Proposal: Security Working Group


I definitely agree that it’s a hard problem, as illustrated by all of the existing attempts. However, I think it’s worthwhile enough to make it worth pursuing. There’s essentially a class of code - important code at that - which cannot be written in pure Rust without relying on unreliable hacks. But yes, definitely a hard problem :slight_smile:

cc @hdevalence who’s interested in this


There’s probably going to be overlap with the Unsafe Code Guidelines and Formal Verification working groups. I’m also interested in participating in this one, so I’d be happy to help with coordination etc.

This is a huge space and I’m excited to see where it leads–hopefully it will expand and we’ll have various subdomain groups in the future!


What would be great is if Rust had a no-op black-box function whose output was opaque. On nightly this can be basically accomplished by an empty inline assembly block, but inline assembly isn’t stable (and probably shouldn’t be).

So it would be nice if Rust provided a black-box function, even if it were implemented using inline asm, which had defined behaviour people could reason about.




That’d be a nice intermediate step, but that still doesn’t guarantee that the compiler or backend (LLVM, WASM, etc) won’t be super smart in the future. I’m actually planning on bringing this up at a WASM community meeting soon if you’d like to join. I was going to poke you directly, but poke-via-forum works too :slight_smile:


Yes, the current implementation of test::black_box works, but it’s a) not stable and b) doesn’t define its behaviour in a way that makes it useful in this context: it’s intended for benchmarking.

What’s important is that there’s a stable black_box with the property that the compiler cannot infer any information about the output of black_box other than its type, and that that property is provided by Rust, so that if the backend changes, it’s the responsibility of the stdlib to maintain the black_box contract.


I’d sure volunteer for this WG!


I’m totally in.


That’d be a nice intermediate step,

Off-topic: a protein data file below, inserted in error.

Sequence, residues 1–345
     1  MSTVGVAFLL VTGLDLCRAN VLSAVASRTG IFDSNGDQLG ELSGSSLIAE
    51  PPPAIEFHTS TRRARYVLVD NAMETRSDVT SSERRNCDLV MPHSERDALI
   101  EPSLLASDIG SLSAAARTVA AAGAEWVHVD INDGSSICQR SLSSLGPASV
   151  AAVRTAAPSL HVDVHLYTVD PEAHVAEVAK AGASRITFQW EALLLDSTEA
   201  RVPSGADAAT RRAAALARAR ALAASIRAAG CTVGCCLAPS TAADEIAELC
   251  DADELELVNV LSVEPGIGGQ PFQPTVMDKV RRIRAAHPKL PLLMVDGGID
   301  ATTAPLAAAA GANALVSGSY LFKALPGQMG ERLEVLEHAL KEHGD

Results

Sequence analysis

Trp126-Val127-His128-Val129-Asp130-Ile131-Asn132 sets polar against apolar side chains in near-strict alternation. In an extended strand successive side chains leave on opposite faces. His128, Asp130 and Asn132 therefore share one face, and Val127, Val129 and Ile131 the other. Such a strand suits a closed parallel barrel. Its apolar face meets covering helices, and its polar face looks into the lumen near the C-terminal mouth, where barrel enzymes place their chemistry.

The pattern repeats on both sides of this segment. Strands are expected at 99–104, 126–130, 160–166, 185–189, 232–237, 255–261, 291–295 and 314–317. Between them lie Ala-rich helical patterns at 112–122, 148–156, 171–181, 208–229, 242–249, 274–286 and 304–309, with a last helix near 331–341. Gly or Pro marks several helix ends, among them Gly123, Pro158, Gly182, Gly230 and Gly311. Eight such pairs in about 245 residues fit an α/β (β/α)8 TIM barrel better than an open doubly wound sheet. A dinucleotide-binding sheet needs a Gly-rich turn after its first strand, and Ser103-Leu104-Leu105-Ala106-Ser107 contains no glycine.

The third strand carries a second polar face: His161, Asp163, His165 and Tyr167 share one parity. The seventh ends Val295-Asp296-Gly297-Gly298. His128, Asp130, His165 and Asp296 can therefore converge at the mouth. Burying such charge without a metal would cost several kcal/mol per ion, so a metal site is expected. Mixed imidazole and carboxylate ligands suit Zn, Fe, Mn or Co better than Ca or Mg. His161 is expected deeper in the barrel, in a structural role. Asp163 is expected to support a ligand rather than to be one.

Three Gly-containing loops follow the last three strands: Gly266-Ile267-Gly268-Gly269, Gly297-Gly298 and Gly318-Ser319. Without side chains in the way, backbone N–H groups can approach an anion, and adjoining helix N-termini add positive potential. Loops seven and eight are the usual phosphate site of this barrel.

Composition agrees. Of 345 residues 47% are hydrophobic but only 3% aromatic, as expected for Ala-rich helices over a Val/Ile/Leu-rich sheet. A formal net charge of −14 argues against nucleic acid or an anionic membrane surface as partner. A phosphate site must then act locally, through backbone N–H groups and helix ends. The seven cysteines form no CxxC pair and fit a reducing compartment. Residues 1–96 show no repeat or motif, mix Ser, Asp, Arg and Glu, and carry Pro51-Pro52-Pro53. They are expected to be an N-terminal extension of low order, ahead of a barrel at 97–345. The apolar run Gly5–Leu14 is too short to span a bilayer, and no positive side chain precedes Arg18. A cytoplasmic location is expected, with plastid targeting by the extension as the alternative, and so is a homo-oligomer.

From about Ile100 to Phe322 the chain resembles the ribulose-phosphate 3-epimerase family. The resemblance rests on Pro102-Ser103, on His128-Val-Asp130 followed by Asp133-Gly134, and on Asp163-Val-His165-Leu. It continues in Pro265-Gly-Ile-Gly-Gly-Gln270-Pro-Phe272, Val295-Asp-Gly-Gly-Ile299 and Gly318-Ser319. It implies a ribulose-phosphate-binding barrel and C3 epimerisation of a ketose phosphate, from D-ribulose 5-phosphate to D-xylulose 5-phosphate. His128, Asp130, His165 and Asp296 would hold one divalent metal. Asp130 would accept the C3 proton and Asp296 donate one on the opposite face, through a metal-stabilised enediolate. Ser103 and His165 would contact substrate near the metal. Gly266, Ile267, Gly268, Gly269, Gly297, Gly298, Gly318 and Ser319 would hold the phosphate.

I’m not sure it’s an intermediate step – I think the key is to have some function with defined properties which make it possible to reason about the optimizer, so that it’s possible to build things like Tim Maclean’s rust-timing-shield or my and Isis’ subtle. What would a more advanced step look like?

but that still doesn’t guarantee that the compiler or backend (LLVM, WASM, etc) won’t be super smart in the future.

Ultimately “constant-time” is not a property of the software, but of the combination of software and hardware, so this is basically unavoidable, since Rust only controls (some of) the software and not the hardware.


I’d be interested in participating in something like this. I think one of the first things that needs to be addressed is the actual scope, as there’s a lot of potential for overlap with other WGs, and I worry about spreading ourselves too thin.

I think interoperability between various cryptographic libraries and potentially a “crypto” crate would be interesting things to address.


A more advanced step would be “the compiler guarantees that this will execute in constant time according to the semantics of the IR.” That, of course, requires that the IR provides a similar guarantee - “the backend guarantees that this will execute in constant time according to the semantics of the machine instruction set.” Obviously this is never a perfect guarantee because there are CPU bugs, but it’s the best we can get.

In particular, this is “more advanced” than simply being opaque to the optimizer in that the optimizer could still legally do stupid things like say, “even though I think this is an i8, I will branch on whether its value is 25.” Obviously that’d be silly, but the semantics don’t rule out such an optimization (or, more realistically, actually-useful optimizations that still introduce branching).

Yes, but that’s true of any language semantics. Rust doesn’t literally guarantee that the code it compiles executes correctly, but rather that the IR it emits has the same semantics as your program. The same is true of the IR -> machine code translation.